Torahlinks > Holidays > The Relevance of Chanukah: From Days Bygone to Today

The Relevance of Chanukah: From Days Bygone to Today

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The Chanukah holiday, which begins Tuesday, December 12, and continues for eight days, commemorates the Jews’ victory over their Greek oppressors in the year 165 B.C.E. We kindle the menorah these eight days to remember the miracle that occurred when the Jews rededicated the Temple after reconquering Jerusalem: the oil for the Temple menorah that should have lasted only one night burned for eight nights until more pure oil could be prepared.

It’s interesting to note that the Maccabees, the Jews leading the charge against the Greeks, had regained control only of Jerusalem and the surrounding areas at the time the Chanukah miracle occurred. The battles between the Syrian–Greeks and the army of Yehuda, the leader of the Maccabees, continued for years. It was only 15 years later that the Land of Israel was totally free of Greek rule. Yet the Sages didn’t proclaim the Independence Day as a holiday; rather, they picked the day of the rededication of the Temple and the miracle of the oil to celebrate for eternity. Why did they choose the miracle of the oil as the cause for celebration?

 

The Rabbis explain that unlike the story of Purim, when the Jews were all sentenced to death and destruction, the main threat to the Jews under Greek rule wasn’t physical.  The Greeks allowed the Jews to live as long as they conformed to Greek norms. However, the Jewish religion and culture were under attack, both by the Greeks themselves and by the Hellenists, who openly embraced Greek culture and terrorized their brethren who didn’t.

Greek culture prides itself on physical might and strength; they don’t believe in spirituality or any form of afterlife. It can be said that the Greeks embodied the saying “eat, drink and be merry for tomorrow we may die”.

The Torah’s viewpoint is the absolute antithesis of this concept. We are placed in a physical world not for physical pleasures per se, but to use them as a means of achieving spirituality. The five commandments that Antiochus, the Greek king, outlawed – Shabbat observance, Bris Mila (circumcision), Kashrut observance, the laws of family purity and proclaiming Rosh Chodesh, the onset of the new lunar month – underscore this distinction:

  • The Shabbat proclaims the Jews’ belief that there is a spiritual dimension to Creation: the Creator, a Divine being, created the world and He still controls all that takes place on Earth.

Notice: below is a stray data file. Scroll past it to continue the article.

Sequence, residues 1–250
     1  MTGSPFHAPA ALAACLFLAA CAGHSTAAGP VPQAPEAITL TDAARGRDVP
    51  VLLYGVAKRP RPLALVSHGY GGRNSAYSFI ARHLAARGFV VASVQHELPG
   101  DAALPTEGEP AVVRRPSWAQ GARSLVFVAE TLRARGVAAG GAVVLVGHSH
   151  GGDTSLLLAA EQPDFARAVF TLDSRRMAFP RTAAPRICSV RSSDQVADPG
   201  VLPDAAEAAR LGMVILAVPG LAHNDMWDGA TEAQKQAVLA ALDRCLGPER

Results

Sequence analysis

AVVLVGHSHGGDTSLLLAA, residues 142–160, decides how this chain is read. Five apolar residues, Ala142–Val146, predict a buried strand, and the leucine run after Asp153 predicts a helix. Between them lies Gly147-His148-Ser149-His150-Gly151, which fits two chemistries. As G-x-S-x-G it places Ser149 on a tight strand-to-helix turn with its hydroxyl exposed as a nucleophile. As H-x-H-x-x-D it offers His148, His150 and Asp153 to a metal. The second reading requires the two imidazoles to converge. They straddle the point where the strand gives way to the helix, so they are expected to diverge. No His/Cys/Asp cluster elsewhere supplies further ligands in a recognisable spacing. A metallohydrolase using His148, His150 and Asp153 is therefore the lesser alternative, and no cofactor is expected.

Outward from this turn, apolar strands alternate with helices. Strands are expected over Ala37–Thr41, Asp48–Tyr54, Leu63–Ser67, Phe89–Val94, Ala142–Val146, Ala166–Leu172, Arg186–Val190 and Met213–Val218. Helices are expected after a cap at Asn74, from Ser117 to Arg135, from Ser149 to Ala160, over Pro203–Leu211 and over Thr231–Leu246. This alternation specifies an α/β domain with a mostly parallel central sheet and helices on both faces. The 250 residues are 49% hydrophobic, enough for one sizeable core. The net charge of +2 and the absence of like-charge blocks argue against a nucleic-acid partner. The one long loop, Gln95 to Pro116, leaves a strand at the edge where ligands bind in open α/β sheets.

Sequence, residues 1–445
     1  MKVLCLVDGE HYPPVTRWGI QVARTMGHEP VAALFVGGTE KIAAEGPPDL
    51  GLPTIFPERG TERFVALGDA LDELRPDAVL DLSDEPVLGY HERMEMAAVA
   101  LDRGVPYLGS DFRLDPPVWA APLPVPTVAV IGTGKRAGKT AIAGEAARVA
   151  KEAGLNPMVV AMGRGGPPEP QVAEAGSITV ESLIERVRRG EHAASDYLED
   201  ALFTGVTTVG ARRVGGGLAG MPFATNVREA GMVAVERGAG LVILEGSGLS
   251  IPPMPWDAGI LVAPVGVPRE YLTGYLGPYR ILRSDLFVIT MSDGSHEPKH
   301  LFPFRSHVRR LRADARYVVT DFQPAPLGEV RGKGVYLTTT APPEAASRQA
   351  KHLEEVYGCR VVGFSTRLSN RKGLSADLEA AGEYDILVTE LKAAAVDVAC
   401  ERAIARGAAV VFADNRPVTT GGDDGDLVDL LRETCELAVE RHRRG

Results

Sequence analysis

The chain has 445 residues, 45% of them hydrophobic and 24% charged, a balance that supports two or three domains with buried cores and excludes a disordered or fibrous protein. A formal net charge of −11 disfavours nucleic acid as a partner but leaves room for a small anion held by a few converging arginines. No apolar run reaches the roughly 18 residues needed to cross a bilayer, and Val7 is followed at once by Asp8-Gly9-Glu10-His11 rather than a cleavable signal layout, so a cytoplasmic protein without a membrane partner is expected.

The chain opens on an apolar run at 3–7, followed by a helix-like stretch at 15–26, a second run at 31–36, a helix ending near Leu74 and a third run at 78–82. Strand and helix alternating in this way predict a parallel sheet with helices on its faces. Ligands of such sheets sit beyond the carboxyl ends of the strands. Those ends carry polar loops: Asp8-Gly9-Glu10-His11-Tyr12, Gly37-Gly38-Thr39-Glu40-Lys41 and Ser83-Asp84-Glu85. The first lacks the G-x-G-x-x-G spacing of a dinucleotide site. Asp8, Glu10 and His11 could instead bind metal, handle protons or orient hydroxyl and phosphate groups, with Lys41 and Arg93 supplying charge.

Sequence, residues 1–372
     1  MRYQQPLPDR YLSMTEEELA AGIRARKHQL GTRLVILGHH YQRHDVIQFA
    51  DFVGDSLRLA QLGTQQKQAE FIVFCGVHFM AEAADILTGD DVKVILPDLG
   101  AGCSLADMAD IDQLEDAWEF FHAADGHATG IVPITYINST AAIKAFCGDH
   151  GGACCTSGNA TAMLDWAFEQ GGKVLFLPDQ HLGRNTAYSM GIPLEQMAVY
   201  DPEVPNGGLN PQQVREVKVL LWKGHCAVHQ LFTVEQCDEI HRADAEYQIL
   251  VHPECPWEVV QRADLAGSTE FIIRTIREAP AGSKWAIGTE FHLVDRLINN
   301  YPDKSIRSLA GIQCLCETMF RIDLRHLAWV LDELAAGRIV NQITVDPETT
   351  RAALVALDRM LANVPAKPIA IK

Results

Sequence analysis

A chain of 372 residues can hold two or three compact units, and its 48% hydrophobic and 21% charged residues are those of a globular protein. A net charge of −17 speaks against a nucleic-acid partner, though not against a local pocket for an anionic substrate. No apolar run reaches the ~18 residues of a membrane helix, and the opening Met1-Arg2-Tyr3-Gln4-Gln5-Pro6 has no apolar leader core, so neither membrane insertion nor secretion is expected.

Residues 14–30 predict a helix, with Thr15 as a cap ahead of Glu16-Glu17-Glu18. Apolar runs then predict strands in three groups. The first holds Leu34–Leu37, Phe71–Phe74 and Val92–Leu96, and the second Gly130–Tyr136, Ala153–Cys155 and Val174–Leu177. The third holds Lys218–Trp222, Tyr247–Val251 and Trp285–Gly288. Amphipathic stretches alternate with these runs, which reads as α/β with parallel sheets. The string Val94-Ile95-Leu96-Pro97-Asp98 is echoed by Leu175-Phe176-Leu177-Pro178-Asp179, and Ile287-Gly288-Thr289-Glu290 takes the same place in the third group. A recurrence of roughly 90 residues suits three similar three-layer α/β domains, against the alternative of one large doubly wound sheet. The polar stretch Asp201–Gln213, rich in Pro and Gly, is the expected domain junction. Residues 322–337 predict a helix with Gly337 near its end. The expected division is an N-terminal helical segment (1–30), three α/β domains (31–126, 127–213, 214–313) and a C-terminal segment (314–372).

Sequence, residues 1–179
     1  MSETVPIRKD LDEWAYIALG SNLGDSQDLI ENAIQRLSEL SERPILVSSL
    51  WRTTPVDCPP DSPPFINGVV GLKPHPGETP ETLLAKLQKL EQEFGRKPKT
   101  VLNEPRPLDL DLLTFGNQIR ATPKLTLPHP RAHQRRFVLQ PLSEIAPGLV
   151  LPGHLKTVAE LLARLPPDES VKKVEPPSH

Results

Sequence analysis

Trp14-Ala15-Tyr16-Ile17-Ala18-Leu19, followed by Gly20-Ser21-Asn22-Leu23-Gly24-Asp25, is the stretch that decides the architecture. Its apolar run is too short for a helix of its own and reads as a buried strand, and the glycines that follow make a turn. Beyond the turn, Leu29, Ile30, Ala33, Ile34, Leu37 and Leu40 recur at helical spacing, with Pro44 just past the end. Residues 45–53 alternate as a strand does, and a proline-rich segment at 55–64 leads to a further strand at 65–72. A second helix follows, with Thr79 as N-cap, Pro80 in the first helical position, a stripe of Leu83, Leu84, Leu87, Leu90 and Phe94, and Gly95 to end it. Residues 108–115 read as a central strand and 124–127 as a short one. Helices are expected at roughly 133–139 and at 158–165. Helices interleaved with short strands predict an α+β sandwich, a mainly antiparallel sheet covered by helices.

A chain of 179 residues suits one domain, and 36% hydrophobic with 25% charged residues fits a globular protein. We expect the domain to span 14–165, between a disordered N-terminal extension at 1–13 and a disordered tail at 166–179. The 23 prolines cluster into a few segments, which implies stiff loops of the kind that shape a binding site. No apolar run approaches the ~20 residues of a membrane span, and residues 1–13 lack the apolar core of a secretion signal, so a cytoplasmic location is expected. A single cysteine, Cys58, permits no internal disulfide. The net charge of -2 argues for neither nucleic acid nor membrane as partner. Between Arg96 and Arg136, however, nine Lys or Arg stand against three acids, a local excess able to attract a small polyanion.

• Bris Mila symbolizes that the physical makeup of a person can be used for spiritual purposes.
  • Kashrus, the Jewish dietary laws, and the laws of family purity signify that one can achieve spirituality even while indulging in physical pleasures.
  • Rosh Chodesh (the new month) is significant in the Jewish calendar for when the Temple stood the new month started only when the Beth Din (the main rabbinical court) proclaimed it to be so based upon the testimony of witnesses who had seen the new moon. (The Judaic calendar is primarily based upon the lunar cycle.) Thus, the Jewish courts effectively determined when the holidays would begin, for they are all tied to a specific day of the month. This power of the Rabbinical courts to set the Jewish time and seasons was antithetical to the Greek notion that the calendar was to be left completely to the laws of nature. It was unfathomable to them that a human court could enjoy mastery over time.

The victory over the Greeks is thus commemorated by the rededication of the Temple, for that event truly epitomized the Jewish victory over the Greek culture. The miracle of the oil represents a complete overturning of the very rules of nature that the Greeks worshipped. The oil’s “supernatural” ability to last for eight days showed the Jews that they were in the hands of a more powerful force, the Creator, who can defy the rules of nature to bring peace and prosperity to those who faithfully follow in His ways, as did Mattisyahu and his sons.

 

The lessons of the Chanukah holiday are very relevant to our times. We live in a country that is the predominant power in Western civilization, which traces its roots to Greek philosophy and culture. While we must appreciate the religious liberties and opportunity this wonderful country affords us to live the “American Dream,” we should utilize these freedoms to adhere proudly to our own ancient traditions by studying the Torah and adhering to its commandments so we can all live spiritually enriched lives.

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Rabbi Moshe Rockove joined Torah Links in 1999, and authored “The Torah Link” for close to 10 years . He has lectured at Staten Island and Cherry Hill for Torah Links on the weekly Torah portion and Jewish History. He received his ordination from Beth Medrash Govoha of Lakewood in 2000 and practices as a Rabbi there. He also writes for the Yated Ne’eman, an Orthodox weekly. He lives with his wife and children in Lakewood, New Jersey.

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